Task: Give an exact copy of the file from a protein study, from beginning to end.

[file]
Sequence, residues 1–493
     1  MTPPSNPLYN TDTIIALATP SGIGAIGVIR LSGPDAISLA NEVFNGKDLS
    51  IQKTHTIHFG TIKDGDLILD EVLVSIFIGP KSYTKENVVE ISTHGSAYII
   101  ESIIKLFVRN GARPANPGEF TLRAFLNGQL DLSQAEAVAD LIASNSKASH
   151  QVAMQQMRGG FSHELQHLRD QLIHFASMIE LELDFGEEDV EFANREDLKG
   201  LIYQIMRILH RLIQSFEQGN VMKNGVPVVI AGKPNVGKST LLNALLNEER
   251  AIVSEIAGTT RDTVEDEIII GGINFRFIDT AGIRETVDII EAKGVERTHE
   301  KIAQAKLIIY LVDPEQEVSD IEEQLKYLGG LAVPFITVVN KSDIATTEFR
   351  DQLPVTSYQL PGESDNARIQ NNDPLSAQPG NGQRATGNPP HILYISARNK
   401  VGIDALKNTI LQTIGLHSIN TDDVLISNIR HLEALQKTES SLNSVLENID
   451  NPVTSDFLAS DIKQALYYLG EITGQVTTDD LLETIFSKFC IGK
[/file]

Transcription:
Sequence, residues 1–493
     1  MTPPSNPLYN TDTIIALATP SGIGAIGVIR LSGPDAISLA NEVFNGKDLS
    51  IQKTHTIHFG TIKDGDLILD EVLVSIFIGP KSYTKENVVE ISTHGSAYII
   101  ESIIKLFVRN GARPANPGEF TLRAFLNGQL DLSQAEAVAD LIASNSKASH
   151  QVAMQQMRGG FSHELQHLRD QLIHFASMIE LELDFGEEDV EFANREDLKG
   201  LIYQIMRILH RLIQSFEQGN VMKNGVPVVI AGKPNVGKST LLNALLNEER
   251  AIVSEIAGTT RDTVEDEIII GGINFRFIDT AGIRETVDII EAKGVERTHE
   301  KIAQAKLIIY LVDPEQEVSD IEEQLKYLGG LAVPFITVVN KSDIATTEFR
   351  DQLPVTSYQL PGESDNARIQ NNDPLSAQPG NGQRATGNPP HILYISARNK
   401  VGIDALKNTI LQTIGLHSIN TDDVLISNIR HLEALQKTES SLNSVLENID
   451  NPVTSDFLAS DIKQALYYLG EITGQVTTDD LLETIFSKFC IGK